Beauty of Down syndrome

‘I don’t want this life. I’m not cut out for this!’ I heard ‘I’m sorry’ on the other end. Adrenaline began, my face got hot. Then the tears started to roll.’: Boy with down syndrome diagnosed with acute lymphoblastic leukemia

“Oliver was on vacation with his dad when I got the call. ‘He stopped walking.’ Weeks pass. His lymph nodes are swollen. Something just wasn’t right. I remember telling my boss, ‘I have to leave!’ Before I could even get a response, I was gone. I’m worried the ER doctor missed something. The doctor is quiet. I can see in her eyes she is trying to stay calm for me, but something is there. I scream. Deep down, she knows something I don’t.”

‘My baby was at ‘high risk’ of having Down syndrome. I mourned the baby I thought I was going to have, what she would look like, if I would be able to look after her.’: Couple ‘mentally prepares’ after Down syndrome diagnosis

“The sonographer saw a tiny little egg. It turned out that tiny egg was the one that was going to make me a mum. The very next day, I had a phone call, telling me my baby was at ‘high risk’ of having Down syndrome. Until she was born, it was easier to pretend everything was normal, so we did just that.”

‘We found a hole.’ His heart was beating. What did we miss?! I wasn’t a special needs mom. I didn’t have the qualifications for that.’: After 7 kids, 3 miscarriages, mom births baby with Down syndrome, ‘he is our extra special little man’

“‘His heart could be repaired,’ I thought. We could get past that, carry on. And then the doctor said, ‘This is very common with Down syndrome.’ That I didn’t want to hear. Surgery wasn’t going to fix that. I put it out of my mind. Our baby wasn’t going to have Down syndrome! Then the doctor said, ‘You have the option to terminate.’”

‘My daughter Penny is not a ‘mistake.’ She is perfection.’: Down syndrome mom explains the difference between ‘inclusion’ and helping special needs individuals ‘belong’

“People often feel awkward asking questions about my daughter. Penny gets sidelined from activities and events because they don’t know how to welcome her. The message of inclusion is, ‘We want you here with us.’ But belonging emerges from a deep desire to not just include the ‘other,’ but to love and be loved.”

‘My disabled child is not an ‘angel.’ He is not ‘celestial’ or ‘heavenly.’ He’s just like you, fully human.’: Down syndrome mom claims son ‘wasn’t sent here to teach you or me something’

“People often refer to my disabled son with angelic, heavenly labels. I’m his mom. I’ve seen things. I know better. When we project this ‘heavenly’ identity onto people with disabilities, we unknowingly strip their humanity and make them more ‘other.’ My son just wants to be loved for exactly who he is.”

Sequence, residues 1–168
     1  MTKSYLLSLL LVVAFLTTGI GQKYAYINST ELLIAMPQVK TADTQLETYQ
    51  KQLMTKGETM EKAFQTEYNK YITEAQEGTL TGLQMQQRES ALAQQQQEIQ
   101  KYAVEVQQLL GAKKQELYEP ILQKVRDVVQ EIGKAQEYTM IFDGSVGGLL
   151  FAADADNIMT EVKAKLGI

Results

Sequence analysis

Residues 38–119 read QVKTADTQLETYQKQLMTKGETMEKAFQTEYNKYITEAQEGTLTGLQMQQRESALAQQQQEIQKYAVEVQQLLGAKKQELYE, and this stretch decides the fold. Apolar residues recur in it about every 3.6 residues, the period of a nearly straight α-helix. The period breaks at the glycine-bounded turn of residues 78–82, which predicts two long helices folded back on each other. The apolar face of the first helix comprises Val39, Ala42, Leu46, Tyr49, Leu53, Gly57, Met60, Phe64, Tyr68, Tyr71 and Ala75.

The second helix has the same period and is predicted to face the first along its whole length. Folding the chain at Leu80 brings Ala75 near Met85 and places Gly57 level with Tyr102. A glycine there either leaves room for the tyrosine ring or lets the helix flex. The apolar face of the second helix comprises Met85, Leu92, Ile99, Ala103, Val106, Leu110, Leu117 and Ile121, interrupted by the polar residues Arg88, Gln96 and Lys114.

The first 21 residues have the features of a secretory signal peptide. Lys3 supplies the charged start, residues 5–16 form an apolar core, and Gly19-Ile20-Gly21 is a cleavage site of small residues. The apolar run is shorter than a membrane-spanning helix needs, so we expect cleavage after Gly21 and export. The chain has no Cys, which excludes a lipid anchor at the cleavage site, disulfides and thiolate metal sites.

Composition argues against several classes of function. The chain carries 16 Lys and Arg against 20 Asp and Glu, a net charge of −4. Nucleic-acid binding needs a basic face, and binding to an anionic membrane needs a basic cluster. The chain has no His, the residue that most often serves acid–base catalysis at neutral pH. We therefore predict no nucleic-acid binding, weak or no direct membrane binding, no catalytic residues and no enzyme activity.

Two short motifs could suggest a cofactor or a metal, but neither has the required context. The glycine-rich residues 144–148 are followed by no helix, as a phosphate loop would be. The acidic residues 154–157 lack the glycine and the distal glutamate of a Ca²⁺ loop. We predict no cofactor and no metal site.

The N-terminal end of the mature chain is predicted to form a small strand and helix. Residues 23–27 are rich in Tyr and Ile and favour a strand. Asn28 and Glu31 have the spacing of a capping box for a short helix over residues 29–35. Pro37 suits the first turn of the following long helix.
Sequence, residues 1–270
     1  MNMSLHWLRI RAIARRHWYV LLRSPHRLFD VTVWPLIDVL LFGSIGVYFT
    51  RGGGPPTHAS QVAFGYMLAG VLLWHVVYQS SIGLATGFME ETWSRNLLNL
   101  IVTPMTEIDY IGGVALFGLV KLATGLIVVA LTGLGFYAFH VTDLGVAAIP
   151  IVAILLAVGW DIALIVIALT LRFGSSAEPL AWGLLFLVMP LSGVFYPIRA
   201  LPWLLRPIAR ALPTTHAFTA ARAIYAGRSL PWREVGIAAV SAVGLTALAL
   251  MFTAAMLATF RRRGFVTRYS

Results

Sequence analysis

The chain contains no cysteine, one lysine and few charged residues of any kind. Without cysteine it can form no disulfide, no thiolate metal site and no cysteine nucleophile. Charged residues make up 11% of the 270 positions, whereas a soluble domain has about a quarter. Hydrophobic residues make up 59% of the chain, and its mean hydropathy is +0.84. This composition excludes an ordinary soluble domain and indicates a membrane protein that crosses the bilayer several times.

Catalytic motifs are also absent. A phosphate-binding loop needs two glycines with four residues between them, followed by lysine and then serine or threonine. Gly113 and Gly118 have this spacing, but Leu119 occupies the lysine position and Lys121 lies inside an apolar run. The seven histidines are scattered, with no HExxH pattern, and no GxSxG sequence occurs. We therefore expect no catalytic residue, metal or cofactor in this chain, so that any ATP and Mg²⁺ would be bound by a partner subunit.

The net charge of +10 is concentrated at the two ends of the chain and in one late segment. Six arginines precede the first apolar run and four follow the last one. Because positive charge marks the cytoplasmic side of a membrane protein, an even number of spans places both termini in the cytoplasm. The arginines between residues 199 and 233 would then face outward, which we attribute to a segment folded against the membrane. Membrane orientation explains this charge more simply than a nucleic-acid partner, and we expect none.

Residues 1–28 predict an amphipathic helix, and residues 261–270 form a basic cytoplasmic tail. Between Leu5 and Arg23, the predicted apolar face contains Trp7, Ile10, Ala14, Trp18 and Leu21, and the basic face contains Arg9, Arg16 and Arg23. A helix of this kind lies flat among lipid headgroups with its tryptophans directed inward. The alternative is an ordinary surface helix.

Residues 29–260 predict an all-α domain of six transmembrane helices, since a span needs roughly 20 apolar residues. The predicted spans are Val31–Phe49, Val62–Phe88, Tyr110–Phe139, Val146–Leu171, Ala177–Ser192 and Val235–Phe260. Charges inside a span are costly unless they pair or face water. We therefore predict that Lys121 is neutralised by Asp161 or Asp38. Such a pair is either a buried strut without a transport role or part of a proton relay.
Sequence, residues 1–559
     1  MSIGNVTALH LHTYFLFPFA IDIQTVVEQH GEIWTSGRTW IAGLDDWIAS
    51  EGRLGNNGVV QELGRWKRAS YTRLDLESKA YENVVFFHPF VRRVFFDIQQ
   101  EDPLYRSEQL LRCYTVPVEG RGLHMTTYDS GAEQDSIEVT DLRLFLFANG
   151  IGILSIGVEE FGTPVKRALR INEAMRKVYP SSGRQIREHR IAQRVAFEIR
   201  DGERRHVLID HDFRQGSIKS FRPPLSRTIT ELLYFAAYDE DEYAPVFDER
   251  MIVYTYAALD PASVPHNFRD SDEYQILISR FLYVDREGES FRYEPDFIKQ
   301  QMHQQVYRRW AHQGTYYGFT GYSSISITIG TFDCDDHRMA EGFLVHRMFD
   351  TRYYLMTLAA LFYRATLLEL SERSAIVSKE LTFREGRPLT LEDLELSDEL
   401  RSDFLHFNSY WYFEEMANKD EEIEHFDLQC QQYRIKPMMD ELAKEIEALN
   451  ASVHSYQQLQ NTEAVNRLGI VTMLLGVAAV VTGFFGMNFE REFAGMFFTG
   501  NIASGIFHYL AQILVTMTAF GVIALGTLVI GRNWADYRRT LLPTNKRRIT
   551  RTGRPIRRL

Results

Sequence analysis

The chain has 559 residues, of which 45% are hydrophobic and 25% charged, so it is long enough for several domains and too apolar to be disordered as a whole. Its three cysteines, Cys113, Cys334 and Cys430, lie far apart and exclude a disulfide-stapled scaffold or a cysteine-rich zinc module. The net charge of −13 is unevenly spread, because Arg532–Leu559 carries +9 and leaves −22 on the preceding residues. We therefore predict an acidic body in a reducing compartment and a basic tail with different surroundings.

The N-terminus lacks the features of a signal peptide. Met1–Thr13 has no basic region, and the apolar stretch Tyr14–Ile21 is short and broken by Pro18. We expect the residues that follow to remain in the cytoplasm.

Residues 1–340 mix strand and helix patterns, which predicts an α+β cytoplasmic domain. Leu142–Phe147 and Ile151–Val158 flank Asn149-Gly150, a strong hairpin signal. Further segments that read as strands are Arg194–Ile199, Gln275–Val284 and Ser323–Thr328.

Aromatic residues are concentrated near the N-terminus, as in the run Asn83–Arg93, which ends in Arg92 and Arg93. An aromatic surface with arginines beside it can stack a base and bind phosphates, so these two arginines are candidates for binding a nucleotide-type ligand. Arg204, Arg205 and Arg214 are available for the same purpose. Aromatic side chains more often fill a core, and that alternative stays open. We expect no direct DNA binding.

‘Is this the last time I can kiss him?’ I’d just learned my baby had Down syndrome. Now, he was blue, floppy, and not breathing.’: Mom says baby with Down syndrome, heart defects has taught her to ‘focus on the positive things in life’

“5 minutes into our drive, he began crying but stopped. I found it odd. It was a cry I hadn’t heard before. The light turned red, I pulled over. In seconds, I was down on my knees in the middle of the road, holding my floppy baby. ‘God, this can’t be it. Please don’t take my baby away!’ Giving mouth to mouth, I screamed his name for him to wake up. When he ambulance arrived, Noah was going in and out of consciousness.”

‘Don’t take her home with you,’ I was told. ‘If you have other kids, she’ll be a detriment to them.’ How wrong they were.’: Mom keeps baby, now world’s first ‘working model’ with Down Syndrome

“I’d never taken Madeline to a fashion show before because she was always sick. When her health increased, we walked in as I thought to myself, ‘What have I done?!’ I knew full well my daughter would want to be on that catwalk, too. Sure enough, after the show, she turned to me and said, ‘Mom. Me. Model.’ I’m the type of mom to do whatever I can to make things happen. Little did I know what this all would turn into.”

‘Maryanne, will you marry me?’ I stood there, in awe of their love. Hate is just not in their DNA.’: Married couple now ‘longest living’ pair with Down Syndrome, ‘it’s nothing short of a fairy tale’

“Fate brought them together. They live in this bubble where they only have eyes for each other. They cannot bear to be apart. People doubted them, said it was ‘disgusting’ they were allowed to get married. 29 years later, disability or not, anything is possible with love. I think most of us could learn a thing or two from them.”

‘I got the test results. I felt I let my husband down. Like I somehow failed to give him the ‘perfect’ baby. The silence was deafening. I kept thinking, ‘Why me?’ Then I thought, ‘Wait, why NOT me?’

“I had a woman sob in my arms out of sympathy. I remember telling my husband, ‘Do you think we’ll ever laugh or be happy again?’ I figured I had 3 choices. Give up, give in, or give it everything I’ve got. I had a little boy growing inside me who I needed be strong for. I went with option 3.”

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